Current concepts and perspectives of immunosuppression in organ transplantation
- First Online:
- Cite this article as:
- Scherer, M.N., Banas, B., Mantouvalou, K. et al. Langenbecks Arch Surg (2007) 392: 511. doi:10.1007/s00423-007-0188-z
- 230 Downloads
While early surgical success made organ transplantation possible in the 1950s and 1960s, the breakthrough in clinical organ transplantation was achieved through the discovery and invention of modern immunosuppressive agents in the early/mid-1980s. Especially during the 1990s, a large array of immunosuppressants has expanded the armamentarium used to prevent and treat allograft rejection, resulting in an excellent short-term and an acceptable long-term outcome. However, these drugs have potent but still non-specific immunosuppressive properties and frequently show severe acute and chronic side effects, sometimes questioning the overall success.
As the “Holy-Grail” of the transplant community, the induction of “true donor-specific tolerance” has not been achieved yet; current immunosuppressive strategies, in particular in Europe, include “individually tailored immunosuppressive” protocols, mostly based on specific immunologic and non-immunologic risk factors. These protocols allow for optimal immunosuppressive protocols for each patient group according to their needs by choosing the most suitable, well-tolerated combination of agents and the most effective doses to avoid acute rejection episodes (incidence and severity) and minimise drug-related toxicity to reduce long-term drug-related morbidity and mortality. Nevertheless, transplant recipient are still being forced to take a life-long course of chemical immunosuppressive agents to keep their graft, knowing about the possible life-threatening side effects.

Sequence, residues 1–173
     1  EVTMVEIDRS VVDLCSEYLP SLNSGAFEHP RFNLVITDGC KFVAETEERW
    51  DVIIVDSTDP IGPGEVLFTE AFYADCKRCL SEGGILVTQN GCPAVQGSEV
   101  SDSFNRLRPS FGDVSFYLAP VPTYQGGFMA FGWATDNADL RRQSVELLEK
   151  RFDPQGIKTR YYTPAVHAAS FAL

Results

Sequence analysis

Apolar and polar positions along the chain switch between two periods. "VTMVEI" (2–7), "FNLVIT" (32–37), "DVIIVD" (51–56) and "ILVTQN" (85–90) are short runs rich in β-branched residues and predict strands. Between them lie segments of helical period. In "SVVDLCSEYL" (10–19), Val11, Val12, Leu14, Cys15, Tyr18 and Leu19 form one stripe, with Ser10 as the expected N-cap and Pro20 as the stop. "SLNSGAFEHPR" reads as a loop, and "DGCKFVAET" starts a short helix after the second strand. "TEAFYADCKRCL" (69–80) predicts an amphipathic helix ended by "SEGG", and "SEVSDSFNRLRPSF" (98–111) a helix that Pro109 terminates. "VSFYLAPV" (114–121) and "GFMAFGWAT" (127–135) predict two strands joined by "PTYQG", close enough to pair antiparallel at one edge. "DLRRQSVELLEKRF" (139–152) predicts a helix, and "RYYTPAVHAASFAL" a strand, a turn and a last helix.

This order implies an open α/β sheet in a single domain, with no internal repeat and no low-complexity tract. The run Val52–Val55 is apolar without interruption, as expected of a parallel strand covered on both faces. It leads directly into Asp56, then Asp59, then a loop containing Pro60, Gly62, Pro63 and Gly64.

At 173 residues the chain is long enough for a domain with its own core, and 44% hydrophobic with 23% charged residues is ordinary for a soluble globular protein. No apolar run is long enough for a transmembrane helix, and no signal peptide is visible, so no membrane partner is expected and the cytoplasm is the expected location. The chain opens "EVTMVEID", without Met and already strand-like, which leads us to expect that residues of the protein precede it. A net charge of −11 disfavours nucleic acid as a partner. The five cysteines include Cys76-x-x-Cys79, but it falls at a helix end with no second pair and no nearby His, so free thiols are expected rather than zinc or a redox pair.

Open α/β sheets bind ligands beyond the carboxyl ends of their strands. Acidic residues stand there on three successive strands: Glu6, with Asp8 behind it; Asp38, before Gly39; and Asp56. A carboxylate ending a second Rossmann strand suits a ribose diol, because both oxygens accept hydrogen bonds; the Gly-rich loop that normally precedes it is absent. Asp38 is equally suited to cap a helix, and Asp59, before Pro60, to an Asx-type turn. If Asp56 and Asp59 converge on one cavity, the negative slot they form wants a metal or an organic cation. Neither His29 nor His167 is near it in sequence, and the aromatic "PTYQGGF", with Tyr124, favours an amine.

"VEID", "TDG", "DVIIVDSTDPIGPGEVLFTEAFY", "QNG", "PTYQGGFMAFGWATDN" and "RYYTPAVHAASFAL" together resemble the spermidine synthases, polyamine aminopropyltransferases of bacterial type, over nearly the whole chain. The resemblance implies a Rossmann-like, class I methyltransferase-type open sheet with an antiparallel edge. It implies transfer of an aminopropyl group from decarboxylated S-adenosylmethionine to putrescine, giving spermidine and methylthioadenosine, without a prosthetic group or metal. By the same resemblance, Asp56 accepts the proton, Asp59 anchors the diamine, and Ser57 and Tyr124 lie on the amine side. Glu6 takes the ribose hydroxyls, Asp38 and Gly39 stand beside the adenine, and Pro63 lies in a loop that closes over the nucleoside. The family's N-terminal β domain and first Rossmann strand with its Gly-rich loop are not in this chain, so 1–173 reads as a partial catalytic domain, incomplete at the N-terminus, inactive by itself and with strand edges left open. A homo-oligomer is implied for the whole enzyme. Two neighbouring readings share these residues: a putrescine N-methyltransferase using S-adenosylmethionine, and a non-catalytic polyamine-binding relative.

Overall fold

We review current trends of immunosuppressive protocols in liver and kidney transplantation, focusing on calcineurin-inhibitor-sparing protocols, mammalian-target-of-rapamycin (mTOR) inhibitor based-protocols and corticosteroid-avoidance protocols, being aware of the fact, that most of these strategies could be applicable for other transplanted organs, too. Finally, we describe future trends and new developments that are rising on the horizon.